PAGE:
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INDIANAPOLIS (AP) — State officials are faced with coming up with millions of dollars to cover a big increase coming in the number of students in Indiana's 21st Century Scholars program.
The program that started in 1990 has promised low-income middle school students a full state college scholarship if they stay out of criminal trouble, don't use drugs and get acceptable grades.
The state Commission for Higher Education projects the program's cost will jump $54 million, or 45 percent, to about $174 million next school year. More students graduating from high school in 2015 and 2016 are eligible, in part because they may have enrolled as additional families were meeting income eligibility limits during the national recession, the Evansville Courier & Press reports (http://bit.ly/1wqPRc2 ).
State budget leaders were briefed on the expected rise in costs as the Commission for Higher Education, which administers the program, presented its spending requests for the new two-year state budget. Legislators must approve the budget by the end of April, and the additional costs have left some lawmakers concerned.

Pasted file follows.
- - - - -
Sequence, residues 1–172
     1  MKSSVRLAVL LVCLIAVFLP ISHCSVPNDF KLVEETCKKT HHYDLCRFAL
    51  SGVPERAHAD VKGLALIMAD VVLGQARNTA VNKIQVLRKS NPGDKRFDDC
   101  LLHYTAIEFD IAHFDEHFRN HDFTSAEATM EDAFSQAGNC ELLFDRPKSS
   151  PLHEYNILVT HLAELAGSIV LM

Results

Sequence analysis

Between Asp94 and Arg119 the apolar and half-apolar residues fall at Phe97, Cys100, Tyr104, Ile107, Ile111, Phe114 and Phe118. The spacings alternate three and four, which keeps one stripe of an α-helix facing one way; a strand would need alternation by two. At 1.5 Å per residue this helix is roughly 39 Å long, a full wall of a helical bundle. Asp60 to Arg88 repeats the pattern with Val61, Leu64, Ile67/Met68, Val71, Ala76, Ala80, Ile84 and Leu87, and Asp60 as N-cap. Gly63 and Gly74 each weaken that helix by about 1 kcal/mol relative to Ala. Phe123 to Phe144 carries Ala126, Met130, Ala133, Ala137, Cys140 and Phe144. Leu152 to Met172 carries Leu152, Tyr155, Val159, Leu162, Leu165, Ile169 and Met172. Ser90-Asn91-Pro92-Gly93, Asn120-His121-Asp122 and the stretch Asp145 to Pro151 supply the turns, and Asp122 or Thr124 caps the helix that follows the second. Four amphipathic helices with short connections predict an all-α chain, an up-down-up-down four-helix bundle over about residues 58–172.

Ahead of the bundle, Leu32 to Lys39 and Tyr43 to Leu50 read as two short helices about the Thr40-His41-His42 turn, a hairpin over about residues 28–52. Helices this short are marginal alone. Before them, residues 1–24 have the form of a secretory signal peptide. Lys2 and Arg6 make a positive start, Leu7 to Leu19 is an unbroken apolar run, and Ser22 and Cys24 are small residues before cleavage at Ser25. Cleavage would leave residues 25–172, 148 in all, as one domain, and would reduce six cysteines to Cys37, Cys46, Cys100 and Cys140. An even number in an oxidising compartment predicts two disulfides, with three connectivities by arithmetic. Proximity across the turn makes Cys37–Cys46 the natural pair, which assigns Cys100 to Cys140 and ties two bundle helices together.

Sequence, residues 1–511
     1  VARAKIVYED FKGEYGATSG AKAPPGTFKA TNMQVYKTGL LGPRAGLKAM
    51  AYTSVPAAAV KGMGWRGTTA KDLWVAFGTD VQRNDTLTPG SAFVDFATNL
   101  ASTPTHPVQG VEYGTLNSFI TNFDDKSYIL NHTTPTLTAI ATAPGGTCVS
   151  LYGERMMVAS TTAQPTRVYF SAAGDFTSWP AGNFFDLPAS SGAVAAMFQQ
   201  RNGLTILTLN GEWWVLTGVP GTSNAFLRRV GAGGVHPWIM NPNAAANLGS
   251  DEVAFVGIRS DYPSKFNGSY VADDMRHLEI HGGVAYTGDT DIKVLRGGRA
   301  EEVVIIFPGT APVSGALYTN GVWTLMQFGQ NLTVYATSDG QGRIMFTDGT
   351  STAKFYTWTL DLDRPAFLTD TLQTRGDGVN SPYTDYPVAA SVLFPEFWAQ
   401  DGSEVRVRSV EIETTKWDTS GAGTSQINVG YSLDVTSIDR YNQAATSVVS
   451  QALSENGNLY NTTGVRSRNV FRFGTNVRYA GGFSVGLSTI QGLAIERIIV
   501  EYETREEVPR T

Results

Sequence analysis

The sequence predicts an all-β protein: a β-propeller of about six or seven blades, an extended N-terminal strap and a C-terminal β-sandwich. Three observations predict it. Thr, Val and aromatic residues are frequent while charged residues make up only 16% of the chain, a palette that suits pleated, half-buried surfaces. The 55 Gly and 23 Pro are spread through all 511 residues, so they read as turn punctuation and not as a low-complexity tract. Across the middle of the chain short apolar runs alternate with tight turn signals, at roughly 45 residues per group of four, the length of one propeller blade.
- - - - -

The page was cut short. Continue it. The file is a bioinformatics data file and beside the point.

"No matter what we do, because of the number of people we have grandfathered in, we got a little bump coming here that's going to be a pretty severe problem," said Senate Appropriations Committee Chairman Luke Kenley, R-Noblesville.
Costs for the program, which averages about 12,000 students a year and at one time guaranteed as much as four years of full tuition at an Indiana public university, are expected to decrease as financial aid changes that legislators passed in recent years go into effect.
Those changes include raising the high school grade-point average required to become eligible for the scholarship from 2.0 to 2.5.
The state now evaluates a student's financial means each year of college to determine whether they still need the scholarship. A student must complete at least 30 credit hours per school year in college, or they are bumped down to a smaller scholarship amount.
The General Assembly also has the option to adjust the scholarship amount to the availability of state funding for students who enrolled the program after June 2011, which could affect some students in the classes of 2016 and 2017.
Even with those change, Kenley said lawmakers may need to discuss whether enough was done to make the scholarship program a "fiscally responsible package."
"I think that's something we may need to look into," Kenley said.
Information from: Evansville Courier & Press, http://www.courierpress.com